High-Resolution Real-Time 3-D Acoustic Imaging System with a Reflector

H. Taki and T. Sato (Japan)


Ultrasound, hybrid method, reflector mirror, synthetic aperture, phased array, and real-time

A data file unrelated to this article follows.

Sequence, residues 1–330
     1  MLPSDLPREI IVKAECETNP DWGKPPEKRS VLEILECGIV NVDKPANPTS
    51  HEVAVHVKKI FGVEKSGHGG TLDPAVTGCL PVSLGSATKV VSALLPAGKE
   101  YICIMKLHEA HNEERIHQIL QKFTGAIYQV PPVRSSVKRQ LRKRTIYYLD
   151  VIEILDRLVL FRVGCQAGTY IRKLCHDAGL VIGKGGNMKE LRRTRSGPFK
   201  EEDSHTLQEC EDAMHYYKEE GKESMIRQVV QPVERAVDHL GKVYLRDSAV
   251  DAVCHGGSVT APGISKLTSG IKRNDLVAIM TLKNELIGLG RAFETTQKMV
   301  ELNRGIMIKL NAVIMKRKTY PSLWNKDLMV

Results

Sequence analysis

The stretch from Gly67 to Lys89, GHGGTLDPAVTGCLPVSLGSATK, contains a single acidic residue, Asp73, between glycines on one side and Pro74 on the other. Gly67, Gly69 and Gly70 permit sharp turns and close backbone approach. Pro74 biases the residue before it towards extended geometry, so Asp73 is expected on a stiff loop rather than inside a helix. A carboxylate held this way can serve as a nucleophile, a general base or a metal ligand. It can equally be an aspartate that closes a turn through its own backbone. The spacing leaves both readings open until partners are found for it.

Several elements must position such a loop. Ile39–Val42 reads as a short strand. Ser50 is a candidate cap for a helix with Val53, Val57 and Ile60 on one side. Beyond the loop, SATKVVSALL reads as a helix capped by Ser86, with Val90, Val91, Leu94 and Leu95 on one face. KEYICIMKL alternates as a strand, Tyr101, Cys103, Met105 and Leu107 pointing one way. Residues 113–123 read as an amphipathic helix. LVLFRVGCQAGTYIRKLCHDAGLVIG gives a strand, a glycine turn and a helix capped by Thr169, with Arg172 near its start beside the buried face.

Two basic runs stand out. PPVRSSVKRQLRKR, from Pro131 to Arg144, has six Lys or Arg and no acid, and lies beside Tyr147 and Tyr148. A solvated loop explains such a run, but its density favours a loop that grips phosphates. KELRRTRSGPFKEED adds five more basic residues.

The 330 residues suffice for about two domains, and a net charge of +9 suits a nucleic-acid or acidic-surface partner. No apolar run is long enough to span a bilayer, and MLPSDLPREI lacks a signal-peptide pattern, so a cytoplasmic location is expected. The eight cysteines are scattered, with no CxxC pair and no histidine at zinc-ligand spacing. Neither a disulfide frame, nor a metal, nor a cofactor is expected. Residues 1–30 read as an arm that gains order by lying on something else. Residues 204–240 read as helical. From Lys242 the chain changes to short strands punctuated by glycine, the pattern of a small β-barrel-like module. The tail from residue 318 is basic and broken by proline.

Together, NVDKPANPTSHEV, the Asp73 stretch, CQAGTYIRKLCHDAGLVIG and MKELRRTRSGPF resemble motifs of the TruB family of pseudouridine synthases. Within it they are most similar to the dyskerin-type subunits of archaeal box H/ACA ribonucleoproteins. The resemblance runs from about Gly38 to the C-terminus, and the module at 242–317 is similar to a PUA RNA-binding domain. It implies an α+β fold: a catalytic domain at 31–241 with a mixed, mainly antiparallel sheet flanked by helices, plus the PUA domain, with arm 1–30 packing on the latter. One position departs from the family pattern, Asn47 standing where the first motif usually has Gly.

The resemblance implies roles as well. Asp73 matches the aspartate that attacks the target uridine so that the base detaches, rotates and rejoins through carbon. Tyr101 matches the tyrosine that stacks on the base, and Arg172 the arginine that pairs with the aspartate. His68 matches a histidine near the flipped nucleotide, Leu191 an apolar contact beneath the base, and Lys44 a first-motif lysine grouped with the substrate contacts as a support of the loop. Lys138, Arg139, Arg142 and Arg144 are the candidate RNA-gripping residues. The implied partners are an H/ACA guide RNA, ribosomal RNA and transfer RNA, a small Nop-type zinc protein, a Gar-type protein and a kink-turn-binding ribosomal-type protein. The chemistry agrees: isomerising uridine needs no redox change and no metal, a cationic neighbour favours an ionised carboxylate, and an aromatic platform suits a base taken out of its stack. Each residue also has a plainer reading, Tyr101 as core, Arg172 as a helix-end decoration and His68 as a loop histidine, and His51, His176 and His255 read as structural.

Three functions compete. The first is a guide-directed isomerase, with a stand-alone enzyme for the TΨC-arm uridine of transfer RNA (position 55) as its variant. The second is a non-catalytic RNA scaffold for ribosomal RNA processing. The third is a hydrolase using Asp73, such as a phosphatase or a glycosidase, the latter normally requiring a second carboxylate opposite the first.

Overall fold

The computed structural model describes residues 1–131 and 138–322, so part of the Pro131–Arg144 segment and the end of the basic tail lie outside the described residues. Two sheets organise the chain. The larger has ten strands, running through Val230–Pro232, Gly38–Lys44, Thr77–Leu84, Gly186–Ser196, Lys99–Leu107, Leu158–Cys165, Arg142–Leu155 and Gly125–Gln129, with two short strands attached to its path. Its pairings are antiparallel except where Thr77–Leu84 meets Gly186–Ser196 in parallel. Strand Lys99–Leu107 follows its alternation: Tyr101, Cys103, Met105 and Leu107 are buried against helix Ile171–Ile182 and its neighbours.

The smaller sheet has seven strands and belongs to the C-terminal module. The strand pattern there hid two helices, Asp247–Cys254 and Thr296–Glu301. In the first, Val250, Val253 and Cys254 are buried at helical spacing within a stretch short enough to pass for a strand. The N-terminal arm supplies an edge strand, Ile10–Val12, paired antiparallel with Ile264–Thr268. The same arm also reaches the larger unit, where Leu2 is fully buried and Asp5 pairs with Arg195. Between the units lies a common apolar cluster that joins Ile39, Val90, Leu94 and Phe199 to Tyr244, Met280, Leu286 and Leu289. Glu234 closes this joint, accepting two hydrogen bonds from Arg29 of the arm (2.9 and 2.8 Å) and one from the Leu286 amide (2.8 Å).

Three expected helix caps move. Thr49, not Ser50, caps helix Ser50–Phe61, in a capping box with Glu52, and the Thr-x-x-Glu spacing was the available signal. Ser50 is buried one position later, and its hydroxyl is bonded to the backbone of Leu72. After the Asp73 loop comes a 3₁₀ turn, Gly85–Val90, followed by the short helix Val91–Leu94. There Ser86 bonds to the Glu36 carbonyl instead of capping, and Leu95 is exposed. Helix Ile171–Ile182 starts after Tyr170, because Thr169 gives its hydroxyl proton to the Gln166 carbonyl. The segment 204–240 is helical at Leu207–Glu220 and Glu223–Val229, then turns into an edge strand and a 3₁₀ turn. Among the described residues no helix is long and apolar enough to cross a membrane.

Typical acoustic 3-D imaging systems use 1-D transducer array and lenses with fixed focal distance, so the spatial resolution deteriorates in front and behind the focus point. Furthermore, the time resolution is much lower than that of 2-D imaging system. For acoustic real-time 3-D diagnostic imaging systems, we propose a system based on a hybrid array-reflector configuration which realizes high time and spatial resolutions with modest computional load. All elements on a small dense array excite with proper time delays in order to transmit a broad beam similar to that of a single transmitter element. The reflected echo is first focused by a concave reflector, and then received by the same small dense sensor array. Widely distributed images on the array are reconstructed by numerical back projection. With this scheme, images of the whole measuring area can be reconstructed from a single transmit and receive event, which enables a real-time 3-D imaging. The maximum theoretical flame rate is 5000 flames/s, and the number of elements can be reduced to about 1/7 of the dense 2-D array of the synthetic aperture system having the same spatial resolution. This method has higher signal-to-noise ratio than defocused multi-element synthetic aperture methods, overcoming conventional phased array performance.

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